Test System and Methodology
We designed our approach to storage testing to target long-term performance with a high level of granularity. Many testing methods record peak and average measurements during the test period. These average values give a basic understanding of performance, but fall short in providing the clearest view possible of I/O QoS (Quality of Service).
While under load, all storage solutions deliver variable levels of performance. 'Average' results do little to indicate performance variability experienced during actual deployment. The degree of variability is especially pertinent, as many applications can hang or lag as they wait for I/O requests to complete. While this fluctuation is normal, the degree of variability is what separates enterprise storage solutions from typical client-side hardware.
Providing ongoing measurements from our workloads with one-second reporting intervals illustrates product differentiation in relation to I/O QOS. Scatter charts give readers a basic understanding of I/O latency distribution without directly observing numerous graphs. This testing methodology illustrates performance variability, and includes average measurements, during the measurement window.
IOPS data that ignores latency is useless. Consistent latency is the goal of every storage solution, and measurements such as Maximum Latency only illuminate the single longest I/O received during testing. This can be misleading, as a single 'outlying I/O' can skew the view of an otherwise superb solution. Standard Deviation measurements consider latency distribution, but do not always effectively illustrate I/O distribution with enough granularity to provide a clear picture of system performance. We utilize high-granularity I/O latency charts to illuminate performance during our test runs.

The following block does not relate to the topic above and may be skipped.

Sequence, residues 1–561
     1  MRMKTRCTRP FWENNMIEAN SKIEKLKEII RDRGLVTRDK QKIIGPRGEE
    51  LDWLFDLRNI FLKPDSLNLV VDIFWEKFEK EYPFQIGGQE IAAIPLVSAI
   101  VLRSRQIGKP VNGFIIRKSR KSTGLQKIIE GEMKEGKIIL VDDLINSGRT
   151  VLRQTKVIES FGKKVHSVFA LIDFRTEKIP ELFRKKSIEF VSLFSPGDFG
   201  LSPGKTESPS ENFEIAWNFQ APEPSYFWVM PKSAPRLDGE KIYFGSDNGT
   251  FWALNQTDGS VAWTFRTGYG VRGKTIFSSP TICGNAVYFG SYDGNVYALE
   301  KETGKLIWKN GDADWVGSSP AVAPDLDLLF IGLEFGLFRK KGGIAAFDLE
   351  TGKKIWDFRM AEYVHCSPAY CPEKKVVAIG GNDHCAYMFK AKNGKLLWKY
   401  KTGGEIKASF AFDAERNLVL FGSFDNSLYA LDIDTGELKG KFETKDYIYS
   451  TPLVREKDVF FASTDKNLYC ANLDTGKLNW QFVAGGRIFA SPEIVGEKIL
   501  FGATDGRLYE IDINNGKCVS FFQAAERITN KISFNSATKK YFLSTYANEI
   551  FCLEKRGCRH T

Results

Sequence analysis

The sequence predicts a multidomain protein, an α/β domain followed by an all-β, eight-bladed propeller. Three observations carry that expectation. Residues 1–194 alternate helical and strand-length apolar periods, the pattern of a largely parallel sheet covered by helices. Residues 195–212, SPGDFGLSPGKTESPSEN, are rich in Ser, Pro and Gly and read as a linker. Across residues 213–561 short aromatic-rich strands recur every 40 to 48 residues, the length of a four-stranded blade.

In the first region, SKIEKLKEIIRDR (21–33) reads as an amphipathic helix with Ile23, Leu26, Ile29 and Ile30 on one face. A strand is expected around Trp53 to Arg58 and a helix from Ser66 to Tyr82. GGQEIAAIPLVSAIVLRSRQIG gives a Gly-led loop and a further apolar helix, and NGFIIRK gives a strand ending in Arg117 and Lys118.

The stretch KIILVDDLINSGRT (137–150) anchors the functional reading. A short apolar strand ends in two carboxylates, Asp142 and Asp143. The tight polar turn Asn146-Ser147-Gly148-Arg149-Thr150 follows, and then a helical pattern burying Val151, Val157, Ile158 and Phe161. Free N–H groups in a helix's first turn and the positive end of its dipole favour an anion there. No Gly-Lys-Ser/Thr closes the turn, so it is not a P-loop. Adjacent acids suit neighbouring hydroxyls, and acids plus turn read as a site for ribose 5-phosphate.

Our testing regimen follows SNIA principles to ensure consistent, repeatable testing, and utilizes multi-threaded workloads found in typical production environments. We tested the 1.6TB Samsung XS1715 against the 1.6TB Intel DC P3700, the 1.4TB Micron P420m and the 2.2TB HGST FlashMAX II
The first page of results will provide the 'key' to understanding and interpreting our test methodology.
PRICING: You can find products similar to this one for sale below.
United States: Find other tech and computer products like this over at Amazon's website.
United Kingdom: Find other tech and computer products like this over at Amazon UK's website.
Canada: Find other tech and computer products like this over at Amazon Canada's website.
Recommended for You
- We at TweakTown openly invite the companies who provide us with review samples / who are mentioned or discussed to express their opinion of our content. If any company representative wishes to respond, we will publish the response here.
Latest News Posts
- Nintendo Switch cartridge advantage killed by Lego game
- Apple veteran leaves for Oculus, will run VR hardware
- Razer servers fail again, profiles flicked to default
- Final 'Ghost in the Shell' trailer drops in
- Elon Musk wants to link your brain to a machine
- NZXT Kraken X52 Liquid CPU Cooler Review
- Window side panel for PC-V1020
- DDR3 RAM question
- AnyRactive GoTouch Portable Whiteboard Review
- GIGABYTE AX370-Gaming 5 (AMD X370) Motherboard Review
- MSI announces frosty limited edition Trident 3 Arctic gaming PC
- ADATA adds the i-Memory AI920 jet black flash drive
- FinalWire releases AIDA64 Extreme 5.90 benchmark software
- ASUS announces support for Intel Optane memory
- Thermaltake releases new View 28 RGB Gull-Wing window ATX mid-tower chassis series with Tt LCS Certified and unique 256-color RGB matrix design